FDA Finalizes Guidance on Promotional Drug Labeling and Ads

Posted 11 December 2017 By Zachary Brennan

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The US Food and Drug Administration (FDA) on Monday finalized guidance from 2013 on prescription drug product name placement, size, prominence and frequency in promotional labeling and advertisements for human prescription drugs.

FDA said it received one comment on the revised draft guidance, and in addition to a title change and editorial changes made primarily for clarification, the guidance has been revised to clarify certain concepts discussed in the revised draft guidance and to provide examples illustrating prominence issues.

FDA further clarifies issues relating to the direct conjunction of the proprietary and established names, as well as the frequency of use of the established name on printed pages or spreads, in running text or columns, in the audio portion of audiovisual promotions and in electronic media.

The recommendations pertain to product names in print media promotional labeling and advertisements (e.g., journal ads, detail aids, brochures), audiovisual promotional labeling (e.g., videos shown in a health care provider's office), broadcast advertisements (e.g., television advertisements, radio advertisements) and electronic and computer-based promotions (e.g., internet, social media, emails, CD-ROMs and DVDs).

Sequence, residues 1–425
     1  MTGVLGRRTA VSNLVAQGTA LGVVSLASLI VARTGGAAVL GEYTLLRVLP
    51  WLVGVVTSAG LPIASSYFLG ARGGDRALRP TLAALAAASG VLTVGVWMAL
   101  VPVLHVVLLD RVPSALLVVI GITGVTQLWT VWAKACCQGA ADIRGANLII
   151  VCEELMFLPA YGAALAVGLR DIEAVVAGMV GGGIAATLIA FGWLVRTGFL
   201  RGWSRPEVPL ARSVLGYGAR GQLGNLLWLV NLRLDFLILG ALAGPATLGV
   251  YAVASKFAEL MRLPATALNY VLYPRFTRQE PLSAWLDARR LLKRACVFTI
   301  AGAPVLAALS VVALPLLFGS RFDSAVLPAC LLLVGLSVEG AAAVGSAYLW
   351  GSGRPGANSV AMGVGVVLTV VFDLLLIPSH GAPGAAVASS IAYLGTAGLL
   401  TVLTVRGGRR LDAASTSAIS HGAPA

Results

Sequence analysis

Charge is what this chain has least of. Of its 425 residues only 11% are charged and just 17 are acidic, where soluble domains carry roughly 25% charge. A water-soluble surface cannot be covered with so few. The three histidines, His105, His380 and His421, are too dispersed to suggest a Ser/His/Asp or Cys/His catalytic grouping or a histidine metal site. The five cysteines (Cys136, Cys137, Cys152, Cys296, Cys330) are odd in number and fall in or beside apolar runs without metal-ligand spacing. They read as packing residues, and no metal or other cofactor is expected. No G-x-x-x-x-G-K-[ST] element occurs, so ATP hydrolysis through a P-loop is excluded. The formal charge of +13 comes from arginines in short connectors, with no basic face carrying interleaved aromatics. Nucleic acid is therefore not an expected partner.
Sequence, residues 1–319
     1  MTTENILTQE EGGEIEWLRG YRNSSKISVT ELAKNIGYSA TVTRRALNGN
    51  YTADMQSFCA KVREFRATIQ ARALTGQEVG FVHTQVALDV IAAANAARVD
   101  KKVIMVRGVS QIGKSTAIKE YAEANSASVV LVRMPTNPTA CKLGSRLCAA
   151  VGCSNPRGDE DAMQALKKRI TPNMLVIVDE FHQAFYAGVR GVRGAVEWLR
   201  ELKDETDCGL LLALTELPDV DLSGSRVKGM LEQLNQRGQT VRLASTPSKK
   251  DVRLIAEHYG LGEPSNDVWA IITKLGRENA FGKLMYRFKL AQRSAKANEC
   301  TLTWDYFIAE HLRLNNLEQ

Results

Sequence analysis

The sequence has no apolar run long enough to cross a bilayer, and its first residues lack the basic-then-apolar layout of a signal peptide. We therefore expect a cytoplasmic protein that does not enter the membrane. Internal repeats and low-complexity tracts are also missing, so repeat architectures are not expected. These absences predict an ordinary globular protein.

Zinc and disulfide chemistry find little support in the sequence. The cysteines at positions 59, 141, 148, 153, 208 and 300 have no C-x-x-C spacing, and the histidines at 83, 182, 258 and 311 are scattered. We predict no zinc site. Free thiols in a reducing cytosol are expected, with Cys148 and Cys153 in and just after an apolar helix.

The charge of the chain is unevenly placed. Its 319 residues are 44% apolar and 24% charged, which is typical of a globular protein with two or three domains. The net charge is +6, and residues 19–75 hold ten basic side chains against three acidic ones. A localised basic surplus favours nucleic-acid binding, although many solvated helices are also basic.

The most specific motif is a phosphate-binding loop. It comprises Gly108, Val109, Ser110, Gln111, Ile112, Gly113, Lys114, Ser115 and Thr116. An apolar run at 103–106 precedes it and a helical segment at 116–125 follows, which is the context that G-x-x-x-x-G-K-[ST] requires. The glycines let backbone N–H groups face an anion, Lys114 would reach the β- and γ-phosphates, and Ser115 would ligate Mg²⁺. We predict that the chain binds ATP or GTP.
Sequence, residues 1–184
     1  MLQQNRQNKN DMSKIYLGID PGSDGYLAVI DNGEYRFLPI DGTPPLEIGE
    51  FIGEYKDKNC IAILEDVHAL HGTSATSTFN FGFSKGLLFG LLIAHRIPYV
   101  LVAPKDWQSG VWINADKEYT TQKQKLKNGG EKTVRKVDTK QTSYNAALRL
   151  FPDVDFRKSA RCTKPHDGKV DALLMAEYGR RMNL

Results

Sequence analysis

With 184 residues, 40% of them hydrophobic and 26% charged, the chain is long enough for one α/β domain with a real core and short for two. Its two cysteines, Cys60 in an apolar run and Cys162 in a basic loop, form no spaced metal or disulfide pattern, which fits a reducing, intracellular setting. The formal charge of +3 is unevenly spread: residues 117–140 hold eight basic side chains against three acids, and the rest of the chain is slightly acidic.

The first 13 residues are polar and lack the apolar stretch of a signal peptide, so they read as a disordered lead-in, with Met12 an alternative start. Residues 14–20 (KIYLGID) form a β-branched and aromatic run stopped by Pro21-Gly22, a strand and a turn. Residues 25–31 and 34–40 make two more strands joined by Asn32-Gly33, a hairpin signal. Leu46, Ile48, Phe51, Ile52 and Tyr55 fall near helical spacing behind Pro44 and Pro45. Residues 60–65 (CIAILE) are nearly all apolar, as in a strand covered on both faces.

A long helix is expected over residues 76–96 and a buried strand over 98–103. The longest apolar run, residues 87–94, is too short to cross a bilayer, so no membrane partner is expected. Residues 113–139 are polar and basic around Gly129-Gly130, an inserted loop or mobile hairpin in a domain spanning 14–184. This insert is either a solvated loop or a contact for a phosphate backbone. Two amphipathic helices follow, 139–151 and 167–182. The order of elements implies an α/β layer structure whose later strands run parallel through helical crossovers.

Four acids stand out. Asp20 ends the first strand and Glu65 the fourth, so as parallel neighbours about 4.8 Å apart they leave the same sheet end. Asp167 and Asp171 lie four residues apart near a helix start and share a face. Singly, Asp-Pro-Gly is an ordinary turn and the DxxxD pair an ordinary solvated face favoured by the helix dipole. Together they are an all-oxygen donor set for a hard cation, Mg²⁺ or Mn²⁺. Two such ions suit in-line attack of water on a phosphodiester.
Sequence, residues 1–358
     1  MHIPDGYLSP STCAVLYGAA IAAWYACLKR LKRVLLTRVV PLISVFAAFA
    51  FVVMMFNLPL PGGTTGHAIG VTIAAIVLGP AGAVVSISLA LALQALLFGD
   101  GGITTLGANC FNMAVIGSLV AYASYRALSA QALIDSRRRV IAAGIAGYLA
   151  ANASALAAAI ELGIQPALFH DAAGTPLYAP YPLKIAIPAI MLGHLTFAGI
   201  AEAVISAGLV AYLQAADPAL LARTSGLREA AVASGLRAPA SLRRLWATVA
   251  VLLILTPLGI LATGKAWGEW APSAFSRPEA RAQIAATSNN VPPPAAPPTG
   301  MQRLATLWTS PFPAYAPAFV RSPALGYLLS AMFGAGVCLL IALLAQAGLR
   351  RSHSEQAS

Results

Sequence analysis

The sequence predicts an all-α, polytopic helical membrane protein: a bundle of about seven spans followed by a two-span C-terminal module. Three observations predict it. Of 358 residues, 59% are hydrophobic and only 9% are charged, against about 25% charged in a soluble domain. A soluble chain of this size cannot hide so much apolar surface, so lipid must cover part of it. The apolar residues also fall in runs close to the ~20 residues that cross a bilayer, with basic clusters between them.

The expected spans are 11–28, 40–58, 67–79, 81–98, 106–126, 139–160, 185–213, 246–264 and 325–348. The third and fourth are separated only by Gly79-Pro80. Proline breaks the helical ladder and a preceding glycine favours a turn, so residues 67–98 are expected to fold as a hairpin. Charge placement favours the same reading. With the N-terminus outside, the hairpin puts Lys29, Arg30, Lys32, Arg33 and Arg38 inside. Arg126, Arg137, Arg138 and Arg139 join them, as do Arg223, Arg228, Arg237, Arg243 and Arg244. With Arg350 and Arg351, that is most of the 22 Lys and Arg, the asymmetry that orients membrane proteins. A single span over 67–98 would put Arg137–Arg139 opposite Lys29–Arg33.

The agency on Monday also discussed the ways in which it will study how consumers and health professionals spot and report deceptive drug promotions and responded to comments.

For instance, one commentator said it's FDA's responsibility and not consumers or health professionals' responsibility to report such deceptive promotions. But FDA said that because sponsors are not generally required to submit promotional pieces to FDA prior to dissemination and limited resources prevent FDA's Office of Prescription Drug Promotion (OPDP) from reviewing all promotional materials in the marketplace, "it is critical that OPDP [Office of Prescription Drug Promotion] adequately understand the capacity of consumers and HCPs to detect false and misleading claims as well as these populations' processing of such claims."

FDA Commissioner Scott Gottlieb added in a statement: "A key to our oversight is recognizing claims in prescription drug promotion that have the potential to deceive or mislead consumers and health care professionals. We also need to have clear rules for how sponsors can present certain information, even elements as straightforward as the product name, and do so without introducing features that could mislead patients."

Product Name Placement, Size, and Prominence in Promotional Labeling and Advertisements Guidance for Industry  

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Categories: Drugs, News, US, FDA, Advertising and Promotion

Tags: drug labeling, promotional and advertising guidance FDA, deceptive pharma ads

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